On the other note,
- A CT urogram (or urography) works great in minutely identifying and assessing the size, shape, and other characteristics of urinary organs; to be precise, your kidneys, bladder, ureter, and urethra.
- CT urographies are even more sensitive than magnetic resonance imaging in detecting kidney diseases and those of the upper urinary tract, says the National Institute of Health, India.
Risk Factors of CT Scans and CT Urograms!
As you are aware by now, CT scans, be it a urography, angiography, or a Brain CT, have certain risk factors. Undoubtedly, a little tweak to higher radiation dosage during the scan can leave room for such risks!
It can lead to – Cancers, Heart disease, Kidney damage, Kidney failure, and even Death.
That is why I will always suggest you pursue a CT scan and/or a CT urogram from a certified radiology lab!
Contrast-Enhanced CTs may bring a few mild-to-moderate side effects due to the presence of the chemical dye in your body. They are – 1. Nausea, 2. Tiredness or Fatigue, 3. Fever, 4. Itchy Skin, 5. Redness near the intervened area for contrast administration, and so forth!
However, you can rest, drink a lot of water, and follow a proper diet to get it done in a day or two, with the exit of the dye through your urine, stool, or sweat.
What Can A CT Scan Detect? Vs. What Can A CT Urogram Detect?
CT scans can detect an unending list of health problems, from –
- Coronary heart disease,
- Heart stroke,
- Heart failure,
- Blood clots in the heart chambers,
- Damages to the pulmonary valves,
- Congenital (birth) defects in the heart,
- Plague buildup in the blood vessels of your heart,
- Tumors or abnormal lesions in or around your heart,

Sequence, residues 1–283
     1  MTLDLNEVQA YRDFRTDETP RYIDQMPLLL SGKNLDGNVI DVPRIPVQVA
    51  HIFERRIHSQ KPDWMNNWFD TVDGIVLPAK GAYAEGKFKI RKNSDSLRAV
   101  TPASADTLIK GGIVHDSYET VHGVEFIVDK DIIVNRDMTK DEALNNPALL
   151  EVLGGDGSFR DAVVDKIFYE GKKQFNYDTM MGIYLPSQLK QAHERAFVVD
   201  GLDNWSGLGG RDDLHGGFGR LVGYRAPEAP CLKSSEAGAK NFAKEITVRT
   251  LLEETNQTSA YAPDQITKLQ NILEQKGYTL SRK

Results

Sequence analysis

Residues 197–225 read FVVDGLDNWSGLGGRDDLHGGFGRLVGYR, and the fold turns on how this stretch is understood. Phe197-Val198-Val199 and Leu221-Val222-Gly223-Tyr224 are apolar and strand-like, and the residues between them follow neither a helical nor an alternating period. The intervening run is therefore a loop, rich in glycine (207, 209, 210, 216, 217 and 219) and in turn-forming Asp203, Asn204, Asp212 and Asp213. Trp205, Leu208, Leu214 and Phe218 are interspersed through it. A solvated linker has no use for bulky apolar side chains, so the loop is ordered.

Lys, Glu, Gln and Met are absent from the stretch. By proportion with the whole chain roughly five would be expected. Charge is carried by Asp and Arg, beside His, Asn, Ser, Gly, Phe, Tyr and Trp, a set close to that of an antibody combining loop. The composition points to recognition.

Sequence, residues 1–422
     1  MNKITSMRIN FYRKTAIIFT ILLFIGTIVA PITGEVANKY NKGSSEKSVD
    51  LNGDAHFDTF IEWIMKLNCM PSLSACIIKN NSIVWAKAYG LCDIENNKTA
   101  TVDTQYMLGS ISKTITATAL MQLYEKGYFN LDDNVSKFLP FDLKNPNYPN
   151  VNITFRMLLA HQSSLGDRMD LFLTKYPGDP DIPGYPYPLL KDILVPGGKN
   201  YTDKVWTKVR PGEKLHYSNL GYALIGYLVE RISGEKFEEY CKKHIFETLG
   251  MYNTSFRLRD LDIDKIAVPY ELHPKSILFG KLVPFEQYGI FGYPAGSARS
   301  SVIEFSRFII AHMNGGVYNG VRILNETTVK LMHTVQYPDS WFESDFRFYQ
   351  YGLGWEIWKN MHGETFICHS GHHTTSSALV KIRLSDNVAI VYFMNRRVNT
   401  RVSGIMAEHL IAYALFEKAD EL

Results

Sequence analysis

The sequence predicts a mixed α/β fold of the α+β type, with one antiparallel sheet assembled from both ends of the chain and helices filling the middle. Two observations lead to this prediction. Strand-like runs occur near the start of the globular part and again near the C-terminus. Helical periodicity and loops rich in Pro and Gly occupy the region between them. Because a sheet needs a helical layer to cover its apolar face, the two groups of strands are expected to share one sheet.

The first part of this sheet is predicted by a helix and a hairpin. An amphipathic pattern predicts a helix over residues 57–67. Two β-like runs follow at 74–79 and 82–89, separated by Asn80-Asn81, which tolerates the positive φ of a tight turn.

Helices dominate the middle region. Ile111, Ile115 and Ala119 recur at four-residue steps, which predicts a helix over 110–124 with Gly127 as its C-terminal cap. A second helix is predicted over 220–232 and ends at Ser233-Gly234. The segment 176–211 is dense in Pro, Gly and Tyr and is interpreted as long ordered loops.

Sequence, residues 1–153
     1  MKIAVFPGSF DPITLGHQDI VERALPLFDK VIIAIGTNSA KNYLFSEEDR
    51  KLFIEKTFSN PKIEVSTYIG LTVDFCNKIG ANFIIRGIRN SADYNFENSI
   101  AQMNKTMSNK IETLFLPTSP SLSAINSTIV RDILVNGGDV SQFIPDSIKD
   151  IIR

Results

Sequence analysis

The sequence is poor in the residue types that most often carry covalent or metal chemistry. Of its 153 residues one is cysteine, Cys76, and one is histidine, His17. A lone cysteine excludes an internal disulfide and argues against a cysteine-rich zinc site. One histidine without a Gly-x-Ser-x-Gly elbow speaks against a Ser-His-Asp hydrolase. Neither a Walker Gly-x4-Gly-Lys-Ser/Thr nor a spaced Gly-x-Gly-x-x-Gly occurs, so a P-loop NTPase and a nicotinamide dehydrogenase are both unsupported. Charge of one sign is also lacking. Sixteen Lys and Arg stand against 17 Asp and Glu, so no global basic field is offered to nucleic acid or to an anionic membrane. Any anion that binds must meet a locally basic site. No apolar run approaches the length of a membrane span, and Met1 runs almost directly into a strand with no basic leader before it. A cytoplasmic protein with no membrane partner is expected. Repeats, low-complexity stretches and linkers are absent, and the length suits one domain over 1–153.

Brain diseases, such as –
- Tumors (benign or malignant),
- Structural anomalies in your brain,
- Brain injury
- Intracranial bleeding,
- Fluid buildup inside the skull,
- Cerebral attack,
- Vascular dementia, and more;
Lung Diseases, like –
- Blockage blood flow to your lungs,
- Lung cancer,
- Lung infections,
- Inflammations in your lungs or the surrounding,
- Lumps or Lesions in or around your lungs,
Liver Diseases, namely –
- Alcoholic and non-alcoholic fatty liver disease,
- Post-traumatic liver injury,
- Liver infections,
Bone Disease, specifically –
- Bone cancers,
- Deformities in the bones,
And a myriad more! In fact, that includes the ones coming next – The disease that a CT urogram can detect!
A CT urogram can screen a limited list of diseases, such as –
- Kidney stones,
- Bladder stones,
- Urethral stones,
- Cysts in the pelvic muscle floor,
- Kidney, Bladder, and Urethral inflammations,
- Infections in or around your urinary organs,
- Fibroids in your uterine cavity,
- Tumors and Cancers in the urinary tract,
- Kidney failure,
- Post-traumatic kidney damage,
- Injuries to any of your urinary organs, and
- Polyps in the walls of your urinary organs.
Ending Remark: A CT Urogram Is a mere definite type of CT Scan used to diagnose the internal anatomy of a definite body part, and that’s the basic difference between them! Your doctor examines your physical condition, inquires about your symptoms, and prescribes a particular modality.